Wednesday, November 12, 2014

Tobacco-ban to affect Webster County courthouse

J-E News Editor
Judge Executive Jim Townsend announced at Monday’s Fiscal Court meeting that a state mandated tobacco-ban that goes into effect on November 20 will ban the use of all tobacco products at both the new and old courthouse buildings.
Governor Steve Beshear on September 4, 2014 that he had issued an executive order that will expand the existing smoking ban currently enforced by the state, which prohibits smoking only inside state buildings and vehicles. The new order will ban the use of any tobacco product or e-cigarette and will be enforced in all state vehicles, inside or outside of any state building or in the parking lot of those buildings.

This order will affect not only those people who work in those buildings, but anyone coming to either to do business.
In other business, the court received two sealed bids for the proposed resurfacing of the Webster County Airport runway. Prior to advertising for bids, the county had received to estimates on the project, one for $45,000 and another for $55,000. The actual bids on the project were considerably higher.
Green River Paving from Sacramento, the company that had estimated the project at $55,000, bid the job at $106,000. The company that had estimated $45,000 did not submit a bid.
The other bid came from Crolwey’s Asphalt Sealing in Henderson. They bid the job at $120,000.
“I recommend that we don’t take either of those,” said Judge Townsend. “We received quotes earlier that were half of that price.”
The court agreed to decline both bids, and the judge said he would contact Green River Paving to see what had changed.
When the court was going over bills, they noticed a request from Webster County Clerk Valerie Newell for an additional $25.00 for recent poll workers who had attended an official state training session.
According to Newell, she has a trainer come in from the State every year to provide poll workers training they need to do their job, but every year a large number of people ‘forget’ to come to that meeting. In order for those poll workers to be eligible to work on election day, she has to hold her own training sessions, which takes time away from her job as county clerk.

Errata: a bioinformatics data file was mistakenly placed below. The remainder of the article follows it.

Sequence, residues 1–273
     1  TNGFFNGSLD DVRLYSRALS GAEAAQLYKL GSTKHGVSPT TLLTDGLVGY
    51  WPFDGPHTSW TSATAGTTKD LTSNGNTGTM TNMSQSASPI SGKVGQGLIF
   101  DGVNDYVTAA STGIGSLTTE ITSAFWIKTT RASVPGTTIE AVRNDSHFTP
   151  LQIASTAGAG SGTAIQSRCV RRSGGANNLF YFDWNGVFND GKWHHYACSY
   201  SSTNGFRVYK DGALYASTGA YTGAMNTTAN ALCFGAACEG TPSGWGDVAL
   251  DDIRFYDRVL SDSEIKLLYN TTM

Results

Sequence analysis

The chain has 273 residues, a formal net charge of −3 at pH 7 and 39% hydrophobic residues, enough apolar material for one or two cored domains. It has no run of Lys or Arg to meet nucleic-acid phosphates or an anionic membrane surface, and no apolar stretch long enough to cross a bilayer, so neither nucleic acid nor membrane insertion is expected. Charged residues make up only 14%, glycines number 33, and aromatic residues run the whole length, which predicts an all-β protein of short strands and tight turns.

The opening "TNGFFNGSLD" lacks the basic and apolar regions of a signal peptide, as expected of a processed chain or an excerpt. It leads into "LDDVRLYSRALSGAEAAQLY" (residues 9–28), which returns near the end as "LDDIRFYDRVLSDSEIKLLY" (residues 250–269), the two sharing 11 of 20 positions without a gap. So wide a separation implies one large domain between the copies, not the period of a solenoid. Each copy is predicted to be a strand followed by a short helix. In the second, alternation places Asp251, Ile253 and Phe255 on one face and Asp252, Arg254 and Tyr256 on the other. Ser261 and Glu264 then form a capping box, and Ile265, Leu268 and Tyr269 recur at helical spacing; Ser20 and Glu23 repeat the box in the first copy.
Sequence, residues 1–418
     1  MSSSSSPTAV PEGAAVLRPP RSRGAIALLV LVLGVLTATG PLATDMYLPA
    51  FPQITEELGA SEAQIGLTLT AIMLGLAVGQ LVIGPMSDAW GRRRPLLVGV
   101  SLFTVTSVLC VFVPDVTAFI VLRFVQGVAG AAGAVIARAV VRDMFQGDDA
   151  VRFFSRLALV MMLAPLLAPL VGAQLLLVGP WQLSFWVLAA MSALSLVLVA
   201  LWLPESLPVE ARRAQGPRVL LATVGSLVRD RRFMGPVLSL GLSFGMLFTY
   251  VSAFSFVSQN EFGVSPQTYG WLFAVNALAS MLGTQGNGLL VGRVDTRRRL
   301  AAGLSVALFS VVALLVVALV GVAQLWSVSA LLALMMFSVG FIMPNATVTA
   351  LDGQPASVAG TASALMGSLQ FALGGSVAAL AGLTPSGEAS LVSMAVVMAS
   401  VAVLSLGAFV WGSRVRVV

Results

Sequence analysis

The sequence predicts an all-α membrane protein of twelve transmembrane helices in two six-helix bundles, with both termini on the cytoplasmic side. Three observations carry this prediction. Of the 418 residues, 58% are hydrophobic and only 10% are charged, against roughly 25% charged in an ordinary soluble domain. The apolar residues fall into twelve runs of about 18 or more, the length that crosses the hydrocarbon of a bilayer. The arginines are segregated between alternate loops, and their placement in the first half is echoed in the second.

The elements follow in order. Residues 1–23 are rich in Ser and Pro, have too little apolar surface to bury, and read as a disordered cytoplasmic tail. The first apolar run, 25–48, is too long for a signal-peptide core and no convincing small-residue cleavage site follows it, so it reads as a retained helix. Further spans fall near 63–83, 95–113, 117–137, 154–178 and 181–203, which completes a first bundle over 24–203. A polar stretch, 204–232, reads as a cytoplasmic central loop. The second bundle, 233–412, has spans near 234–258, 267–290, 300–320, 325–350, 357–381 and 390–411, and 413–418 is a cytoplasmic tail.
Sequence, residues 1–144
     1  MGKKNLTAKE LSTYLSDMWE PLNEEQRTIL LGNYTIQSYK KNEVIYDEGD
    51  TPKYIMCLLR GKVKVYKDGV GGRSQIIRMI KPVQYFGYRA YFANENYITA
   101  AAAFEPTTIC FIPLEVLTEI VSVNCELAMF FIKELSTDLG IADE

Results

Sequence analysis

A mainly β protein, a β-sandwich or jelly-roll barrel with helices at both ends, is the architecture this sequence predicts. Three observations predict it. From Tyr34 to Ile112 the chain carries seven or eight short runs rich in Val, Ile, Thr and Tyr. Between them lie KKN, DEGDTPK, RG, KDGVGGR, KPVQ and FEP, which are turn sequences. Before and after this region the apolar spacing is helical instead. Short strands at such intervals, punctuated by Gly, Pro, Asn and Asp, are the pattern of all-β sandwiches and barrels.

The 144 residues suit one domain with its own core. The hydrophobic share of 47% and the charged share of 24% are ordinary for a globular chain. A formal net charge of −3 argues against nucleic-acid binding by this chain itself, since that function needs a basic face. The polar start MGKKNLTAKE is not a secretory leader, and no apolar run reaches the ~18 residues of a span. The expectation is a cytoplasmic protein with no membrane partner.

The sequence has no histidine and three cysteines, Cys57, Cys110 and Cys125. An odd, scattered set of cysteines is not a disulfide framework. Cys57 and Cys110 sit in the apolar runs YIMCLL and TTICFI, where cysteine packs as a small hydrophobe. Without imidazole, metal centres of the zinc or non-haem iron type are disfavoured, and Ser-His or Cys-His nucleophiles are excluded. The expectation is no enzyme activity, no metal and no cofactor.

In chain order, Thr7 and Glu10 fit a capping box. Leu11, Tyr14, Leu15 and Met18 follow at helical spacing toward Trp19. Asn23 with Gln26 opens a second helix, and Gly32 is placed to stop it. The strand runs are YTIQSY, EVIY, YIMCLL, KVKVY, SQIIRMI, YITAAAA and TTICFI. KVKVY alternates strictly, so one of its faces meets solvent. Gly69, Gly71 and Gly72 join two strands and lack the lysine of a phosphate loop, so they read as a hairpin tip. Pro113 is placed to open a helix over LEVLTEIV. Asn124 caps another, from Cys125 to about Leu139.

“I put in for a $25 raise for everyone who comes to the official state training, but I did not know that it wasn’t improved with the budget,” said Newell.
The County Clerk employees 56 poll workers and between four and six alternates each year for elections.
In this situation, the concern was whether or not the county could pay $25 extra to have poll workers attend that particular meeting. By law the County is not allowed to pay bonuses. Through discussion it was determined that this would not constitute a bonus since the state training was considerably longer and more in-depth.
“We’re all in favor of paying our poll workers more, we just want to make sure that we do it the right way,” said Magistrate Chad Townsend.
The court voted to approve the raises, pending the opinion of County Attorney Clint Prowe.
Sebree resident Lisa Liggett was on the agenda to address the court on Monday about an apartment complex planned to be built just outside of Sebree. 
Webster County’s Economic Development Council (EDC) and the Industrial Development Authority (IDA) recently voted to sell approximately 17 acres of land near the solid waste center to Sebree businessman Mark Moser for the purpose of building the structure. Moser originally planned to build the structure in the city itself, but called the project off after protests from residents.
Judge Townsend and the magistrates are non-voting members of the EDC and IDA.
“In a television ad last week, Judge Townsend said that people drive from Dawson Springs, Henderson and Hopkinsville to work ‘out there’,” said Liggett. “Exactly what did you mean by ‘out there’.”
“I was talking about Tyson, as well as the machine shop and the Pheonix tower plant,” said Townsend.
“You also stated that there had been some misrepresentation in Sebree,” said Liggett.
“One young lady called and said that she had been hearing all kinds of rumors,” Townsend explained. “She was saying that I had said there would be refugees in those apartments. I did not say that. What I said was that those apartments are not low income housing and are not sponsored by anyone. They are supposed to be available to anyone who applies.”
Townsend confirmed that there had been a meeting in March or April to discuss the sale of the property. The matter was, however, never discussed at the fiscal court. In October, however, when the sale was approved, Magistrates Chad Townsend and Jerry Poogie Brown were present at the meeting.
“Was the feelings of Sebree not taken into consideration at this meeting?” Liggett pressed.
“I cannot answer that,” Judge Townsend responded.
During the meeting the court set their schedule for the upcoming holiday season. The annual county employees’ breakfast will be held at the Dixon Community Center on Friday, December 12, 2014 starting at 7:00 a.m.
The county holiday schedule will be:
•Closed Nov. 27 and 18 for Thanksgiving.
•Closed December 25 and 26 for Christmas.
•Closed January 1 and 2 for New Years.
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